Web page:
In a News and notes column of January 2022, we touched on the "Administrator cadre continues to contract" issue. Since then, not much has changed and according to Signpost analysis, 2022 was the first year in modern wikihistory that the number of active administrators never rose above 500. In 2022, the high point for active administrators was 497 – compared to 521 in 2021. The low point was 449 on April 4 – compared to 434 in 2021.

During the entire year there were only fourteen new admins, the third lowest since adminship started in 2002. While not as bad as last year's low of seven, and better than the ten in 2018; fourteen a year would only maintain the current admin cadre if the average new admin lasted over thirty years as an admin. We will reiterate our statement from a 2019 special report, and say about all these data "Whether that is a problem, or how a problem would manifest, are questions still to be answered." – Bri

2022 Coolest Tool Awards

On Friday December 16 the Coolest Tool Award committee announced this year's winners. The 30-minute award presentation is on YouTube. Winners were

Brief notes

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The banned accounts' contributions histories across various Wikimedia projects
The following discussion has been closed. Please do not modify it.
As one often finds in such cases, many of their contributions were actually perfectly fine, and valuable. Andreas JN466 15:30, 2 January 2023 (UTC)[reply]
I heard about User talk:OsamaK/January 2023#Sad news yesterday. Might be related to this and to the recent MENA news as well. There's your tip for next month, Signpost. Izno (talk) 18:59, 2 January 2023 (UTC)[reply]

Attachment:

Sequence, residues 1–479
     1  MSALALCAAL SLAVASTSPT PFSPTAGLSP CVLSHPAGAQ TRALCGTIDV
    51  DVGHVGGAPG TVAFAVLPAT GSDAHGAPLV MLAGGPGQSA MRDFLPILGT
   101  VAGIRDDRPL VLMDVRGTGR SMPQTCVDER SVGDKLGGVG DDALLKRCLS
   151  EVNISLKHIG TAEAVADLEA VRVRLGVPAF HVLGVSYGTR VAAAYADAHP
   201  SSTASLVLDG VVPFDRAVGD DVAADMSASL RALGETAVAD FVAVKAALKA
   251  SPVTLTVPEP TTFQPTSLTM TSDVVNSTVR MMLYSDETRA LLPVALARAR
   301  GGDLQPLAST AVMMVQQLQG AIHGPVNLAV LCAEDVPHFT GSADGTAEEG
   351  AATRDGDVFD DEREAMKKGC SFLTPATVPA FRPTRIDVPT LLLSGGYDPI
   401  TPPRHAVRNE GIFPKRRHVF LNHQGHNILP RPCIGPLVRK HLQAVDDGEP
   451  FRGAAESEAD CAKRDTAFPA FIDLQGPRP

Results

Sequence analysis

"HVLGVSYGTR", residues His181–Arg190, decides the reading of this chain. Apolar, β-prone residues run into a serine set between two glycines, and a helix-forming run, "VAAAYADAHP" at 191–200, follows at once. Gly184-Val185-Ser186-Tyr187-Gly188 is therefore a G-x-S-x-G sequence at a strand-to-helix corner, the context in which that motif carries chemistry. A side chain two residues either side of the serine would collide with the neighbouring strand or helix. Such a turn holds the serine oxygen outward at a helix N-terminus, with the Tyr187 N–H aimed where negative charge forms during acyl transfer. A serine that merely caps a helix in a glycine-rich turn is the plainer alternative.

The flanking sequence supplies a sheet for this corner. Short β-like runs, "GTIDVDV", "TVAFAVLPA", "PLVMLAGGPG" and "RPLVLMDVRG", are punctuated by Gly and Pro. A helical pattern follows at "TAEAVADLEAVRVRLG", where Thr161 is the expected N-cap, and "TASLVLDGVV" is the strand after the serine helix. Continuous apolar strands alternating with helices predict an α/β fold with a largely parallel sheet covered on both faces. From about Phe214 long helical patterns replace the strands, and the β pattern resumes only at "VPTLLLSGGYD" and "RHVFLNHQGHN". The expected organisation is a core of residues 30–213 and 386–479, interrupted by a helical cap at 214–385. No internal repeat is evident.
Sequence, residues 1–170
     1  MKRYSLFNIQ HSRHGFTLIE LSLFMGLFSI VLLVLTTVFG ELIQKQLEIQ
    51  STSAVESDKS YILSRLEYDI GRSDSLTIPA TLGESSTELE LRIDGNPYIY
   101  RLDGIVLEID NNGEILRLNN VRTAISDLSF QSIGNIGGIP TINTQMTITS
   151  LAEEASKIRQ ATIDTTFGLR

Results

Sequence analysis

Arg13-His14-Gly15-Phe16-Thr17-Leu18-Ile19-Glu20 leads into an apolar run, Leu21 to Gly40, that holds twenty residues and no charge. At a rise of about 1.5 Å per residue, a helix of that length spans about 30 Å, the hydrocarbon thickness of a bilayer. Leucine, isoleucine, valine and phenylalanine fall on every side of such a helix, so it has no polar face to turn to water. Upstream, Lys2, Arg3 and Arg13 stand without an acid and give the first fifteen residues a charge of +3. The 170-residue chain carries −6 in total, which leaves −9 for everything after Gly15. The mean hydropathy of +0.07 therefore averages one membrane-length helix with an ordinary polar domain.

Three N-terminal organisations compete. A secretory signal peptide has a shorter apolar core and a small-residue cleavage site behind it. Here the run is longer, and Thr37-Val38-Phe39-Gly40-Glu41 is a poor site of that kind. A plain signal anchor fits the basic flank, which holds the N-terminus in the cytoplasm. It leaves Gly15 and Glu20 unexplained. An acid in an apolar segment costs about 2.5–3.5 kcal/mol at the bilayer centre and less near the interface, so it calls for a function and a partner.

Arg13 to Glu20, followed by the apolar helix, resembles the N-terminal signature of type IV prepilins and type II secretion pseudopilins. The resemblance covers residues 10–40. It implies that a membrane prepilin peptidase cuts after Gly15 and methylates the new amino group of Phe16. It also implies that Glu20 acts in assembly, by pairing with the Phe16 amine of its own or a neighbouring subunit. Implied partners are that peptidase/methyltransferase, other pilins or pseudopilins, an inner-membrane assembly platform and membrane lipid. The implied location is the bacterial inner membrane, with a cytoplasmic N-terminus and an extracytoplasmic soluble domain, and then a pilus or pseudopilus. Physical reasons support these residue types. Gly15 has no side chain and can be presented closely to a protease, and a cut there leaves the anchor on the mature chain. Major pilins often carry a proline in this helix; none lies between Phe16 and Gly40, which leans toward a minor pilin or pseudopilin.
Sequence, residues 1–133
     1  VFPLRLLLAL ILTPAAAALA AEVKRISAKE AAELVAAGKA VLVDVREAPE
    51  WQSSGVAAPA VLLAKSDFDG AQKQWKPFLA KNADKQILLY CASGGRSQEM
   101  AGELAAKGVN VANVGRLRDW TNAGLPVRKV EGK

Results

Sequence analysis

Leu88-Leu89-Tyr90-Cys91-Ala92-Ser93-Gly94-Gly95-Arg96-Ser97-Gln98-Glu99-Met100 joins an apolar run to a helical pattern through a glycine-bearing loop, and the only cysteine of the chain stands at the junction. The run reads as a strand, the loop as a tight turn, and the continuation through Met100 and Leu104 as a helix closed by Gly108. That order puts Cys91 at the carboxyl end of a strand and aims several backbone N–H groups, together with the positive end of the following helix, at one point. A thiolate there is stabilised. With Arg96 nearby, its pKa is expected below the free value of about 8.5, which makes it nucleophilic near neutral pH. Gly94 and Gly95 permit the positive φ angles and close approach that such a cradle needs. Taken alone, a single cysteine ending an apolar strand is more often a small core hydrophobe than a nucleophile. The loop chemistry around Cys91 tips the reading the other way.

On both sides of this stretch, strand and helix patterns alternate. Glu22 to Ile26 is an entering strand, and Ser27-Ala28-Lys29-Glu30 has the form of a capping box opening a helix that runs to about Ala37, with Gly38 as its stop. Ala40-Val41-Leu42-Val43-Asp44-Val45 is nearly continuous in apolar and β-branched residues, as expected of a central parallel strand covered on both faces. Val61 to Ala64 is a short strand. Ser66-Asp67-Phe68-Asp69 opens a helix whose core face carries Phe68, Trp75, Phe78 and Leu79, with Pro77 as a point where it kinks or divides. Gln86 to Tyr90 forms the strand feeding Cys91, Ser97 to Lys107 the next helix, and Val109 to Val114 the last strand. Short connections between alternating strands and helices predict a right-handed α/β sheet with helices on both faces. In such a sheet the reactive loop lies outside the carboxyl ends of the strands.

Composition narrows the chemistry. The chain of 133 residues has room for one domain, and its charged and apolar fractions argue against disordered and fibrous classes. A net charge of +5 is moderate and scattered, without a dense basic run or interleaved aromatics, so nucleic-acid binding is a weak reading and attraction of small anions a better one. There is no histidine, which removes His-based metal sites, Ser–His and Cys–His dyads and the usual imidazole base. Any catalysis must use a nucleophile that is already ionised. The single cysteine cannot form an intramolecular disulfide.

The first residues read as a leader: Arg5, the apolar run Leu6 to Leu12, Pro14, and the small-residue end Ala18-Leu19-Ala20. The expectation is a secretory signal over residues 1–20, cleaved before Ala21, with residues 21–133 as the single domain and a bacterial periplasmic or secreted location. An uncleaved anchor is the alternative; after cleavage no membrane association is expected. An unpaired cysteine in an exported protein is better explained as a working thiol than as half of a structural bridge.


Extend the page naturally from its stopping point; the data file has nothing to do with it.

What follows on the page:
I'd love to hear more about OsamaK. Please email me here if you have any tips or info. The 1st email is confidential - then we can discuss it. I suppose I'm the best known Signposter for doing such investigations, but I have to tell you that there is a lot of time and luck involved in coming up with a good story, e.g. I did several stories on a Mainland China/Hong Kong dispute like this. I got tipped off early by somebody I'd never expect (not in the WMF or admin corps - they seldom if ever give me good tips!). I did have some contacts from a previous story, but most of the info came from sending emails to people I thought might know somebody who knew something about it, and asking them to forward my email to those somebodies. So I never knew who suggested they contact me. Several people did contact me, but I don't expect that to happen usually. I still had to spend 3 weeks getting the story and wasn't sure I had anything that could be published until the day of publication. In short - it takes a lot of time and luck. There are probably 2 or 3 other experienced Signposters who might be able to do this better. Contact your favorite one if you want. Smallbones(smalltalk) 17:35, 3 January 2023 (UTC)[reply]
Unfortunately I am not surprised. While researching this for publication it was apparent to me that there was likely to be some kind of unsettling connection to a Middle East security service. ☆ Bri (talk) 03:07, 4 January 2023 (UTC)[reply]
Guardian report today: Andreas JN466 01:48, 6 January 2023 (UTC)[reply] Andreas JN466 01:48, 6 January 2023 (UTC)[reply]